Where Angels Walk: Keeping Your Book in Print

Joan Wester Anderson

This month one of my books, Where Angels Walk, is celebrating its 20th year in print.  I wondered if this was a rare occurrence, and asked a fellow ASJA member.  She promised to look into it, but also suggested I share some of my successful writing tips with our membership.  

Successful tips?  At first I couldn’t come up with any. Basically, I’d become a writer because I couldn’t think of another way to earn a second income.  If my five children had stopped eating for a week (or even an afternoon), if our “handyman special” house had come with a handyman, I might have chucked the whole idea.   Instead I committed myself to one daily writing hour for one year, no matter how loudly the kids pounded on the back door. (and that’s the first tip—commitment. )  Here are a few more:

No sale is too small.  My first literary attempt was a guest column in our local paper. It paid me a $25 savings bond ($17.25 if cashed right away which I certainly did).  More bonds followed, as did articles on potty training.  Better to keep busy, I decided, than to wait for the perfect proposal.

Include the Kids.   Depending on your accountant’s opinion, you may be able to put a kid or two on the family payroll, to shop for computer supplies, pick up pizzas or drop you at the airport. (A day later, someone will ask, “Where’s Mom?”)  You can also teach the kids how to rearrange bookstore displays so Mom’s covers all face front.

Build a mailing list.  I threw away nice letters from readers before realizing that these folks were my most faithful buyers.  Now I keep in touch via email announcements.  Takes time, but when you’re sitting at your autograph table with only the maintenance man to talk to—-and then several of your readers burst through the front door, excited about meeting YOU!—there’s no feeling like it.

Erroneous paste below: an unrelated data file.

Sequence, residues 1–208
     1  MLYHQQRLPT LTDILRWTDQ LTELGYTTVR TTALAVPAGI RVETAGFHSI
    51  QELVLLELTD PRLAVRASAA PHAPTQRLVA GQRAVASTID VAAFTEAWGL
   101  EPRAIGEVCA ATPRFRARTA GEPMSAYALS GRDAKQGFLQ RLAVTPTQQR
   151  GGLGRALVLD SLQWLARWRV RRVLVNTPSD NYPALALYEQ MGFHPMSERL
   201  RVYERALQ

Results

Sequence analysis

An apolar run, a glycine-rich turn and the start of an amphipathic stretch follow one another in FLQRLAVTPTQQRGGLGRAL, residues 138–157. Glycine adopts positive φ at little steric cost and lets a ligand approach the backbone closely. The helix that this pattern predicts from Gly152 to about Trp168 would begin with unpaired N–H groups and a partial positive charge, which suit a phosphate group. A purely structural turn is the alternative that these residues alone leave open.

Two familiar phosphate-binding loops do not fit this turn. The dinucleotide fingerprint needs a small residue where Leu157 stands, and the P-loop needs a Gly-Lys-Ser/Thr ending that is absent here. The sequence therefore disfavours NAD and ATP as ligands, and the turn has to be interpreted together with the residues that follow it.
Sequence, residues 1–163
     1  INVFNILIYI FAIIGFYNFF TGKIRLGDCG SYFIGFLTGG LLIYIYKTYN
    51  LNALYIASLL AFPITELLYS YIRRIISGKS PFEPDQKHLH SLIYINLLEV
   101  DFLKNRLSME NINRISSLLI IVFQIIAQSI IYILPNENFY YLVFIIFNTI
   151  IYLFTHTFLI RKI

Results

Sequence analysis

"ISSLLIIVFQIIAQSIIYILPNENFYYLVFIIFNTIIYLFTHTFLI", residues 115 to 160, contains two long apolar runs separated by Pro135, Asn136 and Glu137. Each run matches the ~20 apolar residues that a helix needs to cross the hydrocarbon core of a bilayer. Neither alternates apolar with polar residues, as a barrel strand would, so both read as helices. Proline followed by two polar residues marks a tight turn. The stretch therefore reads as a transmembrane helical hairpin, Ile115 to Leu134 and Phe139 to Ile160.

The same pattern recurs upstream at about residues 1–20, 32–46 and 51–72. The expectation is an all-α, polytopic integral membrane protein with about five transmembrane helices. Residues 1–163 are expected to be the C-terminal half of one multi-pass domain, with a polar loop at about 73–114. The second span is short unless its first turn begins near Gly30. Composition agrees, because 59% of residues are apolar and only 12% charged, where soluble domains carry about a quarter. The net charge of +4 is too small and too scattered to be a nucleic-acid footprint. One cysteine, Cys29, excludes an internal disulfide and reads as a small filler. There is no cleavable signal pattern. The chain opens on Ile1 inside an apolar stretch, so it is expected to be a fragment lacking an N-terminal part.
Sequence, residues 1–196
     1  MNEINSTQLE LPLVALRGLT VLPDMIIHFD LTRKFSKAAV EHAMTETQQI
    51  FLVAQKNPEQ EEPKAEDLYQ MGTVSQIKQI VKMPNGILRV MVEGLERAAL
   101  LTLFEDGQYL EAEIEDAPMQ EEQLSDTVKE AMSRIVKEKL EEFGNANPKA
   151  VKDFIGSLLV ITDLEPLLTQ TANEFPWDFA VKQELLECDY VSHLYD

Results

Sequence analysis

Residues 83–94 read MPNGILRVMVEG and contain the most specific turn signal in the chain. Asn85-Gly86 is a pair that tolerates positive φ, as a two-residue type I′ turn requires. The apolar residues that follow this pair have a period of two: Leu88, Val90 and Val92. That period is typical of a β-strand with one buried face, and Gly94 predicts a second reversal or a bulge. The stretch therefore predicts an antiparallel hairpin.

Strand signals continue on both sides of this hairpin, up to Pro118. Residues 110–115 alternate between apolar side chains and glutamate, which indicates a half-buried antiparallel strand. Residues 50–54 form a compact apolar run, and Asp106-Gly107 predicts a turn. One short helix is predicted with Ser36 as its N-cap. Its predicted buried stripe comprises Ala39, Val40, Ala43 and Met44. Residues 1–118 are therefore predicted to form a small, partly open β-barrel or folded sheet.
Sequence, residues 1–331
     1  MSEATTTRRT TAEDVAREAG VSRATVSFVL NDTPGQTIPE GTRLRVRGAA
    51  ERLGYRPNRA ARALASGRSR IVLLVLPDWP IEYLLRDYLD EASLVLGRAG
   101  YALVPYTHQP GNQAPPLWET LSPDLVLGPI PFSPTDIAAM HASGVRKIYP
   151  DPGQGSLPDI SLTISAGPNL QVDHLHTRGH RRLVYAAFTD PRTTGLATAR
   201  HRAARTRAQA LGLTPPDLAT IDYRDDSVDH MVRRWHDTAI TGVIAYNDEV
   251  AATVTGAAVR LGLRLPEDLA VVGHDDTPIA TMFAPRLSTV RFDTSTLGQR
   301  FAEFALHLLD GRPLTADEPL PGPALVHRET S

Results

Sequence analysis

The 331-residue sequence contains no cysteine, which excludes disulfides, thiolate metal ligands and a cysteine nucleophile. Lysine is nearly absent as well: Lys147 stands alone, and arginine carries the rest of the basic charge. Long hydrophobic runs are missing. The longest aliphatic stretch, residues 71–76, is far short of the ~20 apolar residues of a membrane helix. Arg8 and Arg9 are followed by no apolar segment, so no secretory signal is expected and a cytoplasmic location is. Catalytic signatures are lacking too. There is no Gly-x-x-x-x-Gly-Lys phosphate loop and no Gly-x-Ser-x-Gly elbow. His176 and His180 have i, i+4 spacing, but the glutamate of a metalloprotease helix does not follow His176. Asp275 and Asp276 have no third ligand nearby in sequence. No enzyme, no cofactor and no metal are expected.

Develop Side Specialties.  I wrote family articles and books, then sent resumes to women’s clubs for possible speakers’ dates, an obvious spinoff.  Later, I taught occasional publishing classes and even had a proofreader gig, jobs originally suggested by experts in the fields.  “I can do that!” I’d say, then race through research to learn what “that” was.

Years of mediocre accomplishments passed, and when the last child graduated from college, and I placed what I thought would be my last manuscript, I had no illusions.

But something was different this time.  Where Angels Walk unexpectedly ushered in a wave of popularity; it mushroomed into an eight-book series, and stayed for over a year on the New York Times bestseller list.

Was it perfect timing?  Computers?  I’ll probably never know.  But I do believe that what goes around comes around.  And that may be the best tip of all.